A conservation easement is a legal agreement between a landowner and a land trust or government agency that permanently limits uses of the land in order to protect its conservation values, either natural or man-made.
Purchase of Development Rights
Voluntary farmland protection technique that compensates landowners for limiting future development on their land.
Agricultural Land Easement (typically provided to an area through RCPP (Regional Conservation Partnership Program) funding awards.
A voluntary, legal agreement that permanently limits uses of the land in order to protect its conservation values.
Purchase of Agricultural Conservation Easement program (no funding currently)
Voluntary Conservation Agreement
Traditional conservation easement that is a legal agreement between a landowner and a non-profit land trust.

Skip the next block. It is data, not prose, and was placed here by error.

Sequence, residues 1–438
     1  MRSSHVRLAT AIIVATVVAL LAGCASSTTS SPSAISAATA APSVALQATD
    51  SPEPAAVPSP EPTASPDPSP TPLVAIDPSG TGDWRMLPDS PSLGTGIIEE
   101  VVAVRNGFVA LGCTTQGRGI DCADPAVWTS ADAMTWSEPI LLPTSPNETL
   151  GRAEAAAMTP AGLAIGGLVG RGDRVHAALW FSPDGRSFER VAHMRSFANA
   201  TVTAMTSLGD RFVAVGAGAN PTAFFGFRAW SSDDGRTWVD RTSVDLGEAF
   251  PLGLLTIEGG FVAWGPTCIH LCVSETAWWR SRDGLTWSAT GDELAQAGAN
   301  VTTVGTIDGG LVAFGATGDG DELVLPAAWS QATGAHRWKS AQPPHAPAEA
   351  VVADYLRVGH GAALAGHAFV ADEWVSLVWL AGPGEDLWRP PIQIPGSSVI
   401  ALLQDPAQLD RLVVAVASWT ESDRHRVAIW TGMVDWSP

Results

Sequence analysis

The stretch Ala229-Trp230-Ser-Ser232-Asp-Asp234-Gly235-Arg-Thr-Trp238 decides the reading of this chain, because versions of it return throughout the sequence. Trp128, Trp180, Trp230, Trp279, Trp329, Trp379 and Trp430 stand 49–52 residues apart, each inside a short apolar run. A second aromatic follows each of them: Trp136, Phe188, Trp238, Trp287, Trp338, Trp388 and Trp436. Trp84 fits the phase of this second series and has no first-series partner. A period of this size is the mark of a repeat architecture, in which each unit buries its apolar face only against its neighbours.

Voluntary enrollment into Farmland Preservation Agreements with the Department of Agriculture, Trade, and Consumer Protection (DATCP) program.
These organizations serve an important role in protecting land through easements or the purchase of property from volunteer landowners.
Driftless Area Land Conservancy protects the natural habitats and farmland in the Wisconsin counties of Iowa, Sauk, Richland, Dane, and Lafayette in the southern Driftless Area.
MISSISSIPPI VALLEY CONSERVANCY
Mississippi Valley Conservancy protects native habitats and farmlands in the Wisconsin counties of Buffalo, Crawford, Grant, Jackson, La Crosse, Monroe, Richland, Trempealeau, and Vernon.
Get outfitted with resources to learn about and take action on farmland access, tenure, and transfer issues.
Gathering Waters is Wisconsin’s hub of information for landowners interested in protecting their land, and for land trusts across the state.
The FIC helps communities and states create new or improve existing policies and programs to reduce agricultural land conversion, permanently protect land, and support the business of agriculture.
LAND FOR GOOD
The Land for Good website has tool kits for farmers and landowners seeking ways to understand the financial aspects of protecting land through easement. Note: Though designed for Northern New England, its information generally applies to this region as well.